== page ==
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UN probe into Bhutto assassination begins

Article published on the 2009-07-01 Latest update 2009-07-01 14:04 TU

Benazir Bhutto near Lahore in 2007(Photo: Reuters)

Benazir Bhutto near Lahore in 2007
(Photo: Reuters)

The UN's probe into the assassination of Pakistan's former Prime Minister Benazir Bhutto has started work, a UN official announced in Islamabad on Wednesday. The commission, headed by Chilean UN Ambassador Heraldo Munoz, has a mandate to work for six months before reporting back to Secretary-General Ban Ki-Moon.

The commission's work will be limited to fact-finding despite calls by Bhutto's supporters for a full-scale investigation such as that into the killing of former Lebanese Prime Minister Rafiq Hariri.

It will share its findings with the UN Security Council and the Pakistani government. The government will be responsible for determining "the criminal responsibility of the perpetrators", according to UN spokesperson Hiro Ueki.

The other members of the commission are former Indonesian Attorney-General and politician, Marzuki Darusman, and former Irish Deputy Police Commissioner, Peter Fitzgerald.

The commission is expected to visit Pakistan but no dates have been set yet.

Bhutto headed the Pakistan People's Party and her husband, Asif Ali Zardari, is currently President of Pakistan.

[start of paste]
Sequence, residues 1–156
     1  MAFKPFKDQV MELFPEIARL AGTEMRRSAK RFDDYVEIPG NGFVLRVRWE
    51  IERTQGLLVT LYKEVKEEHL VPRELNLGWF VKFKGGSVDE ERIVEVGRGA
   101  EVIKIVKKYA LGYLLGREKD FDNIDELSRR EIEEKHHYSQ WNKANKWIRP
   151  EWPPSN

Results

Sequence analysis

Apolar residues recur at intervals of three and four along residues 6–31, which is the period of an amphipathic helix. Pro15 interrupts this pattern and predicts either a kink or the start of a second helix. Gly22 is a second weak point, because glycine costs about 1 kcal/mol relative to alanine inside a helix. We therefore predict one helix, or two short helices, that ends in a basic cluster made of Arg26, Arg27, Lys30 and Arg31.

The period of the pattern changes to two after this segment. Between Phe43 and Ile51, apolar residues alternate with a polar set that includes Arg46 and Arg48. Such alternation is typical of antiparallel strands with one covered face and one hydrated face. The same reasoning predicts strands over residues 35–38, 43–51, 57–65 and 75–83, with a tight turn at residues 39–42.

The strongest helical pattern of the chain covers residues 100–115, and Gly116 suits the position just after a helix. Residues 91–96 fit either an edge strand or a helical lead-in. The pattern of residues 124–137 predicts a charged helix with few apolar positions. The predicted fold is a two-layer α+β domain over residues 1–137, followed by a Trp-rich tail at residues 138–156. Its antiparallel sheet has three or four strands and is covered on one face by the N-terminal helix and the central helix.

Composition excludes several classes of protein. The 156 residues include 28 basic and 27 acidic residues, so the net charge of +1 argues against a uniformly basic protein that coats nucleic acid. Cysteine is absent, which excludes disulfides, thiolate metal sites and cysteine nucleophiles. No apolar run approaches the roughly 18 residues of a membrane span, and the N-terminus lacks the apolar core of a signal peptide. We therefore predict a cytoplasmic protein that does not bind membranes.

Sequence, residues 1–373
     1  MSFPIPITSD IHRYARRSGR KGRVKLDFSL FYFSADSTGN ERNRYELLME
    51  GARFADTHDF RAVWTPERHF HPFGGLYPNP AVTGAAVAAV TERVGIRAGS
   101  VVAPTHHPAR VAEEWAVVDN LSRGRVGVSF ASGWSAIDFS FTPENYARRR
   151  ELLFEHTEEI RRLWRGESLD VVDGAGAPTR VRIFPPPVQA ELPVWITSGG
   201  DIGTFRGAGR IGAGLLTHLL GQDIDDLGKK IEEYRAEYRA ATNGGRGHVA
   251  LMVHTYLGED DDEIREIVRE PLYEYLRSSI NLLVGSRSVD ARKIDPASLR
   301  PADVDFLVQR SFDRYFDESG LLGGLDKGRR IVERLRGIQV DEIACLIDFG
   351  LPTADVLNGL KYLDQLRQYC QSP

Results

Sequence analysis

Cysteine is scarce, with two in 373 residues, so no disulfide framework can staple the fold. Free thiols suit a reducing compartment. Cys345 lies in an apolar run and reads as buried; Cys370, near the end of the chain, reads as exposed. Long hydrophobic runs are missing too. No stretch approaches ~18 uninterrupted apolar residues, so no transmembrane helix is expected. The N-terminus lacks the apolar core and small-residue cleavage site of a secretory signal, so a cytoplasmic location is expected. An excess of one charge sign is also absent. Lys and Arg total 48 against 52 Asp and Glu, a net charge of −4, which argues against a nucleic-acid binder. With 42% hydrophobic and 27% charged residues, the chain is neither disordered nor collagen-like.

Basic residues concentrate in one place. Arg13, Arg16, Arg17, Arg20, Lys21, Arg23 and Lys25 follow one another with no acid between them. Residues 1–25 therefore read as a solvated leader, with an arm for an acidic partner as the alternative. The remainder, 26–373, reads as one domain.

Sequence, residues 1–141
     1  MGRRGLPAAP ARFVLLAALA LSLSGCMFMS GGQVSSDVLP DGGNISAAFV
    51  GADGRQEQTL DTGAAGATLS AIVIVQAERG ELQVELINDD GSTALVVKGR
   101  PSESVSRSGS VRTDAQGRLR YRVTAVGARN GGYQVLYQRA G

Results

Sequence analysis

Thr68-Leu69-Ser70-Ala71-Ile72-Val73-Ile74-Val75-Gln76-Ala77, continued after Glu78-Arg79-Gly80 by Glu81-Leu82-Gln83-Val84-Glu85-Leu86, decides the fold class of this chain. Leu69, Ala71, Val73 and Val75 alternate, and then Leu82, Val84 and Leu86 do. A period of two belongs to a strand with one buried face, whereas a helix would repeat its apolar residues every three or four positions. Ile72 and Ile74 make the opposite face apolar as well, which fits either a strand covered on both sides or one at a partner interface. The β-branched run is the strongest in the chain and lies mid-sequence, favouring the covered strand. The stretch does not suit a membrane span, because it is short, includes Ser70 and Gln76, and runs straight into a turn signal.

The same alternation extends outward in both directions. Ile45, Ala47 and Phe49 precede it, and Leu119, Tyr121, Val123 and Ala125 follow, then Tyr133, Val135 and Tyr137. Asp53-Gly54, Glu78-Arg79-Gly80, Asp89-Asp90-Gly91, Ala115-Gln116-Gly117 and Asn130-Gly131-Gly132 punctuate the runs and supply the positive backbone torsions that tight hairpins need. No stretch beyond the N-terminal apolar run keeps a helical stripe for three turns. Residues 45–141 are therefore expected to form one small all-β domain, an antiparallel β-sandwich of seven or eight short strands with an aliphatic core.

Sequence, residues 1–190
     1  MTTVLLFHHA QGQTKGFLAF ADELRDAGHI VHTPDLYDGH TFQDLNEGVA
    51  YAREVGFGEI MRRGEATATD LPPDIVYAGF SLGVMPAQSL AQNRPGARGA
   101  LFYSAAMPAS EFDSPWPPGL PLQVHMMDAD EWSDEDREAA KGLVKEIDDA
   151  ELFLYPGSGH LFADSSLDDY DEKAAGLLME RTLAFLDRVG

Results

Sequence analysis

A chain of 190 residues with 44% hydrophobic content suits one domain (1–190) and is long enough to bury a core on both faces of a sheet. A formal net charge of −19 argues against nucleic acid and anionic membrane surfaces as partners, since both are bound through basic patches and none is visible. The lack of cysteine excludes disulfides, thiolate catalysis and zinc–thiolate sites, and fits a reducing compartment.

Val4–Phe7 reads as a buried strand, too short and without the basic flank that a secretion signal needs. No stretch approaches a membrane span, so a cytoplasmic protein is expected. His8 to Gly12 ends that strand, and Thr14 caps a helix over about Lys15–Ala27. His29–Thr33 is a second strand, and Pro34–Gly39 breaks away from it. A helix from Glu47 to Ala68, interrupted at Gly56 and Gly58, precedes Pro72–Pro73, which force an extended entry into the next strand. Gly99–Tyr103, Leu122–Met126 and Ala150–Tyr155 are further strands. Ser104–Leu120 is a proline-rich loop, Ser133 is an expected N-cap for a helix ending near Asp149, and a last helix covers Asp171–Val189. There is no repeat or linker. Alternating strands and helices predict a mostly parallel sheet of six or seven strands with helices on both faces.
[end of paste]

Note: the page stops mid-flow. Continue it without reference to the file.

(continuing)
Few Pakistanis are taking the UN enquiry very seriously, says correspondent Omar Waraich.

Q+A: Correspondent Omar Waraich

01/07/2009 by Rosslyn Hyams

He adds that five people already face trial in connection with the killing but that there is scepticism about that process, too.

"There's a sense that the Pakistani investigation agencies will always round up people in the initial sweep but those may be people who are very tenuously linked to the events," Waraich told RFI." So those five people are not being treated [...] - not by the Pakistani people, not by the political class, not by the media - as the people who may have killed Ms Bhutto."

The government has accused Pakistani Taliban leader Baitullah Mehsud of being behind the killing and is offering a four-billion-euro reward for help in capturing him.

The military is preparing an assault on Mehsud's mountain hideout. Last week one of his opponents, Qari Zainuddin, was found shot dead in his office, while the army accused his supporters of kidnapping boys for training to become suicide bombers.